Source: National Film Board of Canada
In this video segment adapted from the National Film Board of Canada, learn about the Arctic's role in Earth's global climate system. Animations illustrate how ocean currents that circulate around the planet redistribute heat and moderate climate. Explore how the effects of global warming in the Arctic could have consequences throughout the world, through modification of thermohaline circulation, changes in Earth's overall albedo, and the release of carbon dioxide and methane from permafrost and the methane hydrate layer.
Earth's climate is maintained by the continuous cycling of energy through the planet's various systems. The oceans, air, land, and living things are all interconnected as a single integrated system. Because solar radiation strikes Earth's surface at varying angles from north to south, the planet is heated unevenly, and areas near the equator are heated more intensely than at the poles. The resulting temperature differences drive global circulation patterns as heat flows from warmer to cooler regions. In the atmosphere, warmer, less dense air rises as colder, denser air sinks, creating convection currents. The movement of air masses and Earth's rotation create air circulation cells and zones where winds blow in characteristic patterns. In the oceans, heat is redistributed around the planet via tides and ocean currents, which result from wind acting on the surface of the water and from density differences resulting from variations in temperature and salinity.
Ocean surface currents resemble global wind patterns; for instance, at mid-latitudes, both wind and ocean currents tend to blow from west to east. In the North Pacific Ocean, the North Pacific Current flows eastward until it splits into two circulation cells, or gyres: the California Current circulates down the coast of California to bring relatively cool water toward the equator and the Alaska Current circulates relatively warm water up the coast of Canada and Alaska. Thermohaline circulation, also known as the Great Ocean Conveyor belt, is a global circulation pattern that connects both surface and deep water currents. It results from differences in water temperature and density and is driven by the cold, salty water formed in the polar regions. Cold water is denser than warmer water, and the formation of sea ice leaves behind salt, further increasing the salinity and density of the water. The dense water sinks and flows along the ocean floor, driving thermohaline circulation.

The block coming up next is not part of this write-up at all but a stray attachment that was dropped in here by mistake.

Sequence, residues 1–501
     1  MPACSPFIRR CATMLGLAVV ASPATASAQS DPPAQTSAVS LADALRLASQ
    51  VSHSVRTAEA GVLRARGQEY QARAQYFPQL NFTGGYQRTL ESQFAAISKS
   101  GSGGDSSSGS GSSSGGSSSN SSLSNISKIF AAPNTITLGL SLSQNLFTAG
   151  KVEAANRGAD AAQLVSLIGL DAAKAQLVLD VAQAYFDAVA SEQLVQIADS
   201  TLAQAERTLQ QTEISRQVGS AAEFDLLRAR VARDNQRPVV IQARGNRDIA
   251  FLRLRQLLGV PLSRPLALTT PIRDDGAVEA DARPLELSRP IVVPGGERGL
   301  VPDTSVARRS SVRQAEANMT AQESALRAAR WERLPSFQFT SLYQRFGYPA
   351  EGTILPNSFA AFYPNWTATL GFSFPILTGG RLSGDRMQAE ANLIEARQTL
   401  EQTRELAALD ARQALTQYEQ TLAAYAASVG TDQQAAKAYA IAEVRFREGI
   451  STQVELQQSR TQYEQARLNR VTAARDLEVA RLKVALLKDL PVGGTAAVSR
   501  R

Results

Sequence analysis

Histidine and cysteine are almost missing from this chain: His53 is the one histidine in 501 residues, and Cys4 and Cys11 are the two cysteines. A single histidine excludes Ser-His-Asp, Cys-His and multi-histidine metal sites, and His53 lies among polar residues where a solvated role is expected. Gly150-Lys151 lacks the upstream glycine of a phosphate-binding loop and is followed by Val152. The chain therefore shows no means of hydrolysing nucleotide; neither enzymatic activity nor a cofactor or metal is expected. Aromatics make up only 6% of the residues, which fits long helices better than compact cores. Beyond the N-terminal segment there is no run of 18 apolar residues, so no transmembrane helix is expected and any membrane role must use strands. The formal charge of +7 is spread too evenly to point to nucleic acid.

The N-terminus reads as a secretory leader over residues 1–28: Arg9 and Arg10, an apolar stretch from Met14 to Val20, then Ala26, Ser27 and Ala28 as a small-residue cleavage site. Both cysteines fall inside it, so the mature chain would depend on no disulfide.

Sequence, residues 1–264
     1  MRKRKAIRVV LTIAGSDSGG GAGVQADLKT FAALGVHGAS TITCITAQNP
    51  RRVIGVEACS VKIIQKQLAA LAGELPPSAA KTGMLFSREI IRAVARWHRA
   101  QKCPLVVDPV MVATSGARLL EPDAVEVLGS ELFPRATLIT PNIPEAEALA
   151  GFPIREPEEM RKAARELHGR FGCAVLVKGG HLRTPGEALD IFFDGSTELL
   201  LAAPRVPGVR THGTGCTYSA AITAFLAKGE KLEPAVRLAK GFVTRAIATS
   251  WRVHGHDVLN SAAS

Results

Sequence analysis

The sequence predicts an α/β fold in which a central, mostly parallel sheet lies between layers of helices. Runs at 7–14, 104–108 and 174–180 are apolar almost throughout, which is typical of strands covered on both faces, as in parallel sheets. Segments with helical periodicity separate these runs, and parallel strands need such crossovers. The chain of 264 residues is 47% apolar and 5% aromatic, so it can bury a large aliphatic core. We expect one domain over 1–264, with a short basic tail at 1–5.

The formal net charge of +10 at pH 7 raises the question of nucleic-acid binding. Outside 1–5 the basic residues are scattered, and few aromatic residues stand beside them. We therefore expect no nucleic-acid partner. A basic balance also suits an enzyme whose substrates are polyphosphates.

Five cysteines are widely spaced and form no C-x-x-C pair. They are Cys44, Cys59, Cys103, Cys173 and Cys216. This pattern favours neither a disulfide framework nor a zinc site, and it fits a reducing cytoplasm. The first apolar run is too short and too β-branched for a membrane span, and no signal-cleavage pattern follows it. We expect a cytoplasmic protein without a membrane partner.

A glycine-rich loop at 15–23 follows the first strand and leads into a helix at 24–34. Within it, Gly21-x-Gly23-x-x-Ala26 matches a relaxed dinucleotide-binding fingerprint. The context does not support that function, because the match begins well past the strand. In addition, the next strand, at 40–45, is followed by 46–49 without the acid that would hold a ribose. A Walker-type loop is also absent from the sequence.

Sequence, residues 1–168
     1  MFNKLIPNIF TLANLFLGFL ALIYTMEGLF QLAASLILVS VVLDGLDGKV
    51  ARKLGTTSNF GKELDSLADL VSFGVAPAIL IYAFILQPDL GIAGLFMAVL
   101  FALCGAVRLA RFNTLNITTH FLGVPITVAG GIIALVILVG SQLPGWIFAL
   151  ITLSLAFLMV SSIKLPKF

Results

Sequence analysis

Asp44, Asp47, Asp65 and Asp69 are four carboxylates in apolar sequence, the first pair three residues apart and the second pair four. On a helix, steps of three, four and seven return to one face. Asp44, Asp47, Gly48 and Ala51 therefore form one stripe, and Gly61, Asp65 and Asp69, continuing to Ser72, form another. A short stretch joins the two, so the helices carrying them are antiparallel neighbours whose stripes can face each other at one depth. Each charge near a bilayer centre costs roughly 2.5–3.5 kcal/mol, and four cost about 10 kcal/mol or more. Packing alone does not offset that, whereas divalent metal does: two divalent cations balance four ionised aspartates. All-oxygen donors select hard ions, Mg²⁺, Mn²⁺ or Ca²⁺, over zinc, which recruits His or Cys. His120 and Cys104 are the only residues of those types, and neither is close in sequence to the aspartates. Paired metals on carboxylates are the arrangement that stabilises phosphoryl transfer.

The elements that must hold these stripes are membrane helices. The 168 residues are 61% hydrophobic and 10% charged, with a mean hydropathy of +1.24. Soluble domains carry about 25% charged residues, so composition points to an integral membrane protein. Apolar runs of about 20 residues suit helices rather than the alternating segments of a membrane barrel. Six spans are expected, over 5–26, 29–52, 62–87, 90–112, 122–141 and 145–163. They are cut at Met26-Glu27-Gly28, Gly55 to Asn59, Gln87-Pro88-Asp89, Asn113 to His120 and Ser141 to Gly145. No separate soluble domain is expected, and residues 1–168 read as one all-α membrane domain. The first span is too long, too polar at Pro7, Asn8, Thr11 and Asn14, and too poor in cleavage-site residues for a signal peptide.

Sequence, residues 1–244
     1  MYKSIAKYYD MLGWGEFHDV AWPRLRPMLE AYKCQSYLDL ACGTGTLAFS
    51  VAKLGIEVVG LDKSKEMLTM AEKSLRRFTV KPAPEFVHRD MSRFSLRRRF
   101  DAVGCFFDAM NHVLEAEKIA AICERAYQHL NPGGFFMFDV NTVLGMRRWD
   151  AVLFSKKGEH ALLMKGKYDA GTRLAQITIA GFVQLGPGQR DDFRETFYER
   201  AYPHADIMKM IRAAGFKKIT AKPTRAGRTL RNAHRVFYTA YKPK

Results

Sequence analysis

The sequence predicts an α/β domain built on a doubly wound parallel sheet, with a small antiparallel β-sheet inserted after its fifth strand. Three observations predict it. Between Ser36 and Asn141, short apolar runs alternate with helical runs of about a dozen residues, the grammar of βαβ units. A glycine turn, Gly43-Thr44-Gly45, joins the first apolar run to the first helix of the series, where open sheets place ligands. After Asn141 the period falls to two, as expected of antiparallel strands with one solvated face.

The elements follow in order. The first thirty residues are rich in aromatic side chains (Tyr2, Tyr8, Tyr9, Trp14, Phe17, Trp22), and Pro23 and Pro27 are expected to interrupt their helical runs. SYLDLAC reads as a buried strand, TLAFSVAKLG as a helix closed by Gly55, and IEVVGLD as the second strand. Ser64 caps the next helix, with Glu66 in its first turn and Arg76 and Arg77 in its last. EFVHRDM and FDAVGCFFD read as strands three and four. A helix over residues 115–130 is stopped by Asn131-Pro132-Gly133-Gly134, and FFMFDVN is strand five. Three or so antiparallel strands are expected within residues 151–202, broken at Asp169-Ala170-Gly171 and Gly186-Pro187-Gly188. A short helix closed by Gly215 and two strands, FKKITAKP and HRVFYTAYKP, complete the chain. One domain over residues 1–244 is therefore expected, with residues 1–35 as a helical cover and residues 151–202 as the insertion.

In recent years, there have been noticeable changes in Earth's climate as average temperatures have increased. Climate change effects are particularly evident in the Arctic, where the snow- and ice-covered landscape is especially sensitive to change. For example, warmer temperatures have caused changes in the extent of snow and ice cover. While the effects of these changes have a direct impact on the people of the region (such as subsistence hunters who depend on the sea ice for hunting), changes in the Arctic might also create repercussions throughout the Earth system. For instance, a decrease in the formation of sea ice could modify thermohaline circulation as well as increase the amount of solar radiation that Earth's surface absorbs (because of the lower albedo of water compared to ice). This, in turn, could create a positive feedback loop that would exacerbate global warming. Scientists do not know the speed, size, and full effects of climate change, although most scientists agree that there will be profound effects on the planet.
Academic standards correlations on Teachers' Domain use the Achievement Standards Network (ASN) database of state and national standards, provided to NSDL projects courtesy of JES & Co.
We assign reference terms to each statement within a standards document and to each media resource, and correlations are based upon matches of these terms for a given grade band. If a particular standards document of interest to you is not displayed yet, it most likely has not yet been processed by ASN or by Teachers' Domain. We will be adding social studies and arts correlations over the coming year, and also will be increasing the specificity of alignment.